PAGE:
Eloxatin treats colon and rectal cancer. Eloxatin can cause nausea, vomiting, and diarrhea.
Eloxatin is a prescription medication used to treat advanced colon or rectal cancer in adults. Eloxatin belongs to a group of drugs called platinum-containing antineoplastic agents, which stops cancer cells from multiplying.
This medication comes in an injectable form to be given intravenously (into a vein) at a hospital or clinic on the first day of each chemotherapy treatment course.
Some of the common side effects of Eloxatin are decreased blood count, high blood pressure, and diarrhea.
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Uses of Eloxatin
Eloxatin is a prescription anti-cancer (chemotherapy) medicine that is used with other anti-cancer medicines called 5-fluorouracil and leucovorin to treat people with:
- stage III colon cancer after surgery to remove the tumor
- advanced colon or rectal cancer (colorectal cancer).
This medication may be prescribed for other uses. Ask your doctor or pharmacist for more information.
Eloxatin Drug Class
Eloxatin is part of the drug class:
Side Effects of Eloxatin
Eloxatin can cause serious side effects. See "Eloxatin Precautions" section.
The most common side effects of Eloxatin include:
- decreased blood counts. Eloxatin can cause a decrease in neutrophils (a type of white blood cells important in fighting in bacterial infections), red blood cells (blood cells that carry oxygen to the tissues), and platelets (important for clotting and to control bleeding).
- high blood pressure (hypertension)
- infection. Call your doctor right away if you get any of the following signs of infection:
- chills or shivering
- painful swallowing
- sore throat
- cough that brings up mucus
- burning or pain on urination
- redness or swelling at intravenous site
- bleeding or bruising. Tell your doctor about any signs or symptoms of bleeding or bruising.
- mouth sores
- stomach pain
- decreased appetite
- injection site reactions. Reactions may include redness, swelling, pain, tissue damage at the site of injection.
- hair loss (alopecia)
- dehydration (too much water loss). Call you doctor if you have signs of dehydration including:
- dry mouth
- lightheadedness (dizziness)
- decreased urination
Tell your doctor if you have any side effect that bothers your or that does not go away. These are not all the possible side effects of Eloxatin. For more information, ask your doctor or pharmacist.
Call your doctor for medical advice about side effects.
To reduce the side effects caused by cold temperatures:
- Cover yourself with a blanket while you are getting your Eloxatin infusion.
- Do not breathe deeply when exposed to cold air.
- Wear warm clothing in cold weather at all times. Cover your mouth and nose with a scarf or a pull-down cap (ski cap) to warm the air that goes to your lungs.
- Wear gloves when taking things from the freezer or refrigerator.
- Drink fluids warm or at room temperature.
- Always drink through a straw.
- Do not use ice chips if you have nausea or mouth sores. Ask your healthcare provider or doctor about what you can use.
- Be aware that most metals are cold to touch, especially in the winter. These include your car door and mailbox. Wear gloves to touch cold objects.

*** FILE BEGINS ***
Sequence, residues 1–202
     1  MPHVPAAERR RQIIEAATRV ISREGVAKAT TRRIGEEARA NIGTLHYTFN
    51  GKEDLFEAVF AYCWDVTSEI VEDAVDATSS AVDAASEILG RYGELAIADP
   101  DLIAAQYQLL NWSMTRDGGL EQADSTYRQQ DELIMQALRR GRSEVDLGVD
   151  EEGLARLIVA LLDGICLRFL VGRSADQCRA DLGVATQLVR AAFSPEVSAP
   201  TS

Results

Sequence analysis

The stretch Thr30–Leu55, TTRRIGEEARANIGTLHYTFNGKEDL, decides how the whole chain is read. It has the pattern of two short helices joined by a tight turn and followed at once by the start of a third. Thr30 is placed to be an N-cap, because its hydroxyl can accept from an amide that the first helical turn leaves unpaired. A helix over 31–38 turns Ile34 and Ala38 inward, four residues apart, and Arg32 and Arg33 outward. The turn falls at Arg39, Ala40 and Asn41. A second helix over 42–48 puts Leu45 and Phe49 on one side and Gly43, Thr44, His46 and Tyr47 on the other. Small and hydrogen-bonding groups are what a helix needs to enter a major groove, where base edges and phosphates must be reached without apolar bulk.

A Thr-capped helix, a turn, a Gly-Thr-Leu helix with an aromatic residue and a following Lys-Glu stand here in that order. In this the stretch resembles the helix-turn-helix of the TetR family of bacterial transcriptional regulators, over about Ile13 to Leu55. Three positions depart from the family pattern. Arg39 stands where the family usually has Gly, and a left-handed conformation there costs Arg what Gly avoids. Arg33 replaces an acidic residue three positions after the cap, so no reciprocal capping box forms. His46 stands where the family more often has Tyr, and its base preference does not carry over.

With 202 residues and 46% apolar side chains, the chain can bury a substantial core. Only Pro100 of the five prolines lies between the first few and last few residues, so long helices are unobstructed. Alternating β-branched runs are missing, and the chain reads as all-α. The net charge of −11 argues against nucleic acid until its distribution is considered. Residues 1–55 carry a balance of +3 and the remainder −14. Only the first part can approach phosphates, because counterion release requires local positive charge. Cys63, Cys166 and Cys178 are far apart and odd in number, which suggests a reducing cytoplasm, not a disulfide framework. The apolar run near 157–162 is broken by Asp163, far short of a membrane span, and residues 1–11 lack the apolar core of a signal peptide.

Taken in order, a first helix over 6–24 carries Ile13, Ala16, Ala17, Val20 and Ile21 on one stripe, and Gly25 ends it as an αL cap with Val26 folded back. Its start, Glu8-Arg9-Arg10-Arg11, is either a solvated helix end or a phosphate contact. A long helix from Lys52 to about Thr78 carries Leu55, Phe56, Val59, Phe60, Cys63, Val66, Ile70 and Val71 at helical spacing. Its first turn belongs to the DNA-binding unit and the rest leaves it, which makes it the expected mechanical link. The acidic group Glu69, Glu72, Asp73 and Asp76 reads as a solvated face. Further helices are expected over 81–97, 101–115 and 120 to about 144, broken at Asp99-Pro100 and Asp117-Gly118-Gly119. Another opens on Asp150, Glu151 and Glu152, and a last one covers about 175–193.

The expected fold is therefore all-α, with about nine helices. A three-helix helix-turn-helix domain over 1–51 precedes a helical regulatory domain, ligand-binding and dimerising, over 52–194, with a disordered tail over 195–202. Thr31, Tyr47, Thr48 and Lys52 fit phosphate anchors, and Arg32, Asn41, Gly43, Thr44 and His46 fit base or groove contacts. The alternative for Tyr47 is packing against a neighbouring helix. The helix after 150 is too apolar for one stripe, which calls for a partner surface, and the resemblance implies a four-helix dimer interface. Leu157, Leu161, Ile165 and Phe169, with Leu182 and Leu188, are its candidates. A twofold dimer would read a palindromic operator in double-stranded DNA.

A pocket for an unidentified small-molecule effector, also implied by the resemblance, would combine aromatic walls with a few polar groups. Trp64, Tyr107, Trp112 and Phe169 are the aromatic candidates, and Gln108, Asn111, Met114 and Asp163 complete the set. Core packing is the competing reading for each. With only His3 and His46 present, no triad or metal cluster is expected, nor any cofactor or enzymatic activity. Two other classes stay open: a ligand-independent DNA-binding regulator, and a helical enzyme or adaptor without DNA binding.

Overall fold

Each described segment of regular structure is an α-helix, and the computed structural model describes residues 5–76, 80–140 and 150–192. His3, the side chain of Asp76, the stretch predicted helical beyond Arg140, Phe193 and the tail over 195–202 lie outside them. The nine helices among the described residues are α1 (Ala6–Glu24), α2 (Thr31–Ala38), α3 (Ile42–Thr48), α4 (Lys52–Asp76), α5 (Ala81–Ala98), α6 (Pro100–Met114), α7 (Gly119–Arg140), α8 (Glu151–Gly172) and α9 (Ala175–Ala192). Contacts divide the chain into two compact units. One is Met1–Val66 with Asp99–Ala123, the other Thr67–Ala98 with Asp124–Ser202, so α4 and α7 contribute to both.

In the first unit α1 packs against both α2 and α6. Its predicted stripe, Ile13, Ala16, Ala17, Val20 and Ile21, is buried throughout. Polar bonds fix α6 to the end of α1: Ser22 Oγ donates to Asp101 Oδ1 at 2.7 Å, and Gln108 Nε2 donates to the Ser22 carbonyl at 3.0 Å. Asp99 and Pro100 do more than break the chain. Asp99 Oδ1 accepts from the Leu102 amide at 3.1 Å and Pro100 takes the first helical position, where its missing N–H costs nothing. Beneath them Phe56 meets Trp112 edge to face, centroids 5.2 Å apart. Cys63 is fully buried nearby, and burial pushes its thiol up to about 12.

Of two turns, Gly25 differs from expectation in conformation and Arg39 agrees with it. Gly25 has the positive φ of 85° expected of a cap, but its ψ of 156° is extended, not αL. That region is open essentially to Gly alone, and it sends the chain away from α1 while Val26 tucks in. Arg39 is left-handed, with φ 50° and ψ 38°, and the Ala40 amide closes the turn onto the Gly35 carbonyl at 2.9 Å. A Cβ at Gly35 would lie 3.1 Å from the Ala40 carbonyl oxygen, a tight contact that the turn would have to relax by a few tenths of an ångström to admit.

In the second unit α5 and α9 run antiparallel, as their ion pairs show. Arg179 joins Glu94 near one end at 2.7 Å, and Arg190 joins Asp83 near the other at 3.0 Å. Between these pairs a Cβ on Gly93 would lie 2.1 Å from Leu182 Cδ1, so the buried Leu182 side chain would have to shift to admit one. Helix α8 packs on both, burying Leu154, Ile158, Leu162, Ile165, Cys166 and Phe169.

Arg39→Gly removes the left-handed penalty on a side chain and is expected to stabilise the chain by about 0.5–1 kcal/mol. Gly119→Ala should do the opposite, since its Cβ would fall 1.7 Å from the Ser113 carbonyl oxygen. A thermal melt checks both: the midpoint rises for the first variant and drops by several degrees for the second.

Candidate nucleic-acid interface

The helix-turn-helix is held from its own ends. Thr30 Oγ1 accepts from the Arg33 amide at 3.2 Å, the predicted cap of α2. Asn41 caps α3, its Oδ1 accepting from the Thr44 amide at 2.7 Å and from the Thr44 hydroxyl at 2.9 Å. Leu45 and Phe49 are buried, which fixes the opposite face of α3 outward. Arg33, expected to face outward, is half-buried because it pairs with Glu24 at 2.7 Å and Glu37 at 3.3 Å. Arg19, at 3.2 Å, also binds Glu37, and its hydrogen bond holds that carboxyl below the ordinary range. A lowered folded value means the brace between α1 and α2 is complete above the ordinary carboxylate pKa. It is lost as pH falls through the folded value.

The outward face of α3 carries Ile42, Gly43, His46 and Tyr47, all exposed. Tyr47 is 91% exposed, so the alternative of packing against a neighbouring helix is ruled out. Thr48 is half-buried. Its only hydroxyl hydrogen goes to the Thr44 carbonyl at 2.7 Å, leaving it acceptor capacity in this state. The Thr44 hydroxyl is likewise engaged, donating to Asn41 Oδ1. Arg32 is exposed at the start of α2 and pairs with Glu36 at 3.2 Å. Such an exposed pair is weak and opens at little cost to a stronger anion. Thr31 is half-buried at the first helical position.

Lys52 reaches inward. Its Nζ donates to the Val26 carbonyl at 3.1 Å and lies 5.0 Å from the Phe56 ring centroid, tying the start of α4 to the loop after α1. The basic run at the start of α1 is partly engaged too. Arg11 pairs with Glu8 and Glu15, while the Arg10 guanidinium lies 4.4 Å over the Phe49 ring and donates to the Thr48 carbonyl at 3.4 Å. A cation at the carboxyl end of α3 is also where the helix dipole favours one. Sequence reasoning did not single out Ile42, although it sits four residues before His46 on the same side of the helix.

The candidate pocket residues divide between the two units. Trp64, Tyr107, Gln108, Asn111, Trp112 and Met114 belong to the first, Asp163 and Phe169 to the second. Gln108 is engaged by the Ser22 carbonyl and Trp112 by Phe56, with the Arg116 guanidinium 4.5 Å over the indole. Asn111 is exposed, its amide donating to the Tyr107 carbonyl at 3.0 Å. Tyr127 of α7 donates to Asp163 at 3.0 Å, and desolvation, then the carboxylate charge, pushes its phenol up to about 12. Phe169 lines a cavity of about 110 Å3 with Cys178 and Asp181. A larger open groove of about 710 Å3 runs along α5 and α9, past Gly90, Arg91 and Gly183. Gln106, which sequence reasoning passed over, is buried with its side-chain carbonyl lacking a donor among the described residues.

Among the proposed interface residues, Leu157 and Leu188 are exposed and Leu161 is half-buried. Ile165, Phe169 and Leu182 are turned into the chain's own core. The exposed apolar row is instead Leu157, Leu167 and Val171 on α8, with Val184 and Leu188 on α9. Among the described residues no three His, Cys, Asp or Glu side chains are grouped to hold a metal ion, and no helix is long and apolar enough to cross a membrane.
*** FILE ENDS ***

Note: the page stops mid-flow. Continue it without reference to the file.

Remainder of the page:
- Do not run the air-conditioning at high levels in the house or in the car in hot weather.
- If your body gets cold, warm-up the affected part. If your hands get cold, wash them with warm water.
- Always let your healthcare provider or doctor know before your next treatment how well you did since your last visit.
Tell your doctor about all the medicines you take including prescription and non-prescription medicines, vitamins, and herbal supplements. Especially tell your doctor if you take:
- blood thinners such as warfarin (Coumadin)
- drugs that can decrease kidney function such as
- acetaminophen (Tylenol)
- NSAIDs such as ibuprofen and naproxen
- aminoglycoside medications
- certain antibiotics
- ACEIs such as lisinopril or quinapril
- statins such as rosuvastatin and simvastatin
- water pills (diuretic medications)
This is not a complete list of Eloxatin drug interactions. Ask your doctor or pharmacist for more information.
Serious side effects can happen in people taking Eloxatin, including:
- Reversible Posterior Leukoencephalopathy (RPLS). RPLS is a rare condition that affects the brain. Tell your doctor right away if you have any of the following signs and symptoms of RPLS:
- confusion or a change in the way you think
- vision problems, such as blurriness or vision loss. You should not drive, operate heavy machines, or engage in dangerous activities if you have vision problems while receiving Eloxatin.
- nerve problems. Eloxatin can affect how your nerves work and make you feel. Tell your doctor right away if you get any signs of nerve problems including:
- very sensitive to cold temperatures and cold objects
- Avoid cold temperatures and cold objects. Cover your skin if you must go outside in cold temperatures.
- Do not drink cold drinks or use ice cubes in drinks.
- Do not put ice or ice packs on your body.
- trouble breathing, swallowing, or saying words, jaw tightness, odd feelings in your tongue, or chest pressure
- pain, tingling, burning (pins and needles, numb feeling) in your hands, feet, or around your mouth or throat, which may cause problems walking or performing activities of daily living
The first signs of nerve problems may happen with the first treatment. The nerve problems can also start up to 2 days after treatment. If you develop nerve problems, the amount of Eloxatin in your next treatment may be changed or Eloxatin treatment may be stopped.
- lung problems (interstitial fibrosis). Tell your doctor right away if you get a dry cough and have trouble breathing (shortness of breath) before your next treatment. These may be signs of a serious lung disease.
- liver problems (hepatotoxicity). Your doctor will do blood tests to check your liver.